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'It's Jarred My Soul': Prosecutor Speaks On Flint Lead Water Crisis


Now back to a story we've been following closely on this program - the water in Flint, Mich. You might remember that for more than a year residents used water contaminated by dangerous levels of lead. Michigan's attorney general has already filed criminal charges against three people in connection with the water crisis.

On Friday, prosecutors charged six more current and former state employees, accusing them of hiding information and altering documents that showed the water was not suitable for human consumption. Todd Flood is a special prosecutor for the investigation, and he's with us now. Welcome. Thank you so much for speaking with us.

TODD FLOOD: Thanks for having me.

MARTIN: Without reading the entire charge list, can you give us a sense of what the state says occurred and how this rose to the level of criminal misconduct?

FLOOD: Basically, what's happened is we have enough proof to charge and prosecute six people for manipulating reports - the Health Department, but also the Environmental Quality Department.

They didn't just, you know, fail to act - both manipulated and hid reports that doctors and for sure the EPA wanted, as it related to both the lead levels in children and what the lead levels of - what the water was really showing coming out of people's homes.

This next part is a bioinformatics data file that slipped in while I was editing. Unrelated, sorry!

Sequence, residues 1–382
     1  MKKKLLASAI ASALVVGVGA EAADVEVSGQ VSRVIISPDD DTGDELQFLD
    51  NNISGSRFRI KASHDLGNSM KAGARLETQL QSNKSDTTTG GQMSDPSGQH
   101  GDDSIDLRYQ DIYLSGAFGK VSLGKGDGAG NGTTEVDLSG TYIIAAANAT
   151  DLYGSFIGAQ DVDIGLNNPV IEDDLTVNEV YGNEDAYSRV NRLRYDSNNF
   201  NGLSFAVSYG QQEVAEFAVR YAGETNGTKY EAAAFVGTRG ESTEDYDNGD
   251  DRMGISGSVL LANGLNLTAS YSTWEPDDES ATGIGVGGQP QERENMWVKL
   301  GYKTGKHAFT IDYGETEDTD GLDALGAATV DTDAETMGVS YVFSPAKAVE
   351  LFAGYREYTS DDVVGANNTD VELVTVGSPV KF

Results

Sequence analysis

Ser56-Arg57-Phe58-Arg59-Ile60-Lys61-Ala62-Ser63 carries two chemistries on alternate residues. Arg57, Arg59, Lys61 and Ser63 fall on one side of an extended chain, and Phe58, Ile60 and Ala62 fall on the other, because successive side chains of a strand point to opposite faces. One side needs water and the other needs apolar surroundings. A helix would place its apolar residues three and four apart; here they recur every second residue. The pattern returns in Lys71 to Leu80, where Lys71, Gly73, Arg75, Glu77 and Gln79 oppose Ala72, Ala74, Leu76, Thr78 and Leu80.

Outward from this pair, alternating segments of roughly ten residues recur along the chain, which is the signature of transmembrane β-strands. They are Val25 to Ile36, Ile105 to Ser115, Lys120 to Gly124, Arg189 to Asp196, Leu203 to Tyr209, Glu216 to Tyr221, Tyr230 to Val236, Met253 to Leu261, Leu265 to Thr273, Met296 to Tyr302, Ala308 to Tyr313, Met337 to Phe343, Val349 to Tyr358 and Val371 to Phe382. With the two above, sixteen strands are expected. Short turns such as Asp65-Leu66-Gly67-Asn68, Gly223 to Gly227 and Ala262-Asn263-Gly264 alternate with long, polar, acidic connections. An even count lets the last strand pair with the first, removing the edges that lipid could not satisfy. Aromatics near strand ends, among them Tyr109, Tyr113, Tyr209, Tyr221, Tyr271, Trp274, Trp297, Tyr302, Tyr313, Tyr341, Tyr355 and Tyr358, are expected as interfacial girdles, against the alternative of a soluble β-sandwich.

MARTIN: It is known that the reason that the water source was switched was to save money. That was very clear. That was very sort of publicly understood. I guess the puzzling part about it is that these individuals, presumably because they're state employees, would not have benefited from those cost savings.

You just can't help but wonder, why would anybody do that knowing that kids were drinking this water and that this would - could - certainly if not kill them - do you see my point? It's just hard to grasp why anybody would do that.

FLOOD: There's motives. I mean, obviously the motives behind what people would do is something I don't have to prove. I think as the investigation goes on and continues, that will become obvious. Right now, I'm not going to get into the motive.

But to me, it's one of those things that has jarred my soul. I can't imagine anyone being able to sleep at night knowing that they would allow citizens to drink water contaminated with lead. I have come to see many, many victims. I have a young child that I saw that at the age of five has only grown an inch in one year from lead poisoning that she drank.

But the icing on the cake, when you can show motive - and I'm confident we will at the end.

MARTIN: What are the next steps? And do you believe that these are the people primarily responsible for the water crisis or is there more to come?

FLOOD: There's more to come. I don't think that these people are the primary people that are responsible for making these decisions happen. They're complicit. And in the scheme, I think there was someone else behind the curtain doing the puppet master-type activities.

But that's for, you know, another day. We'll just keep on peeling back the layers of the onion and seeing what and where it goes.

MARTIN: Todd Flood is special prosecutor for the Michigan attorney general. Mr. Flood, thank you so much for speaking with us.

FLOOD: Thanks for having me.

MARTIN: We did reach the lawyer for defendant Liane Shekter-Smith, who was fired from her job as head of Michigan's Department of Environmental Quality's Drinking Water and Municipal Assistance Unit in February. Attorney Brian Morley told us that his client did not do anything wrong criminally, and that she did her job to the best of her ability. Transcript provided by NPR, Copyright NPR.

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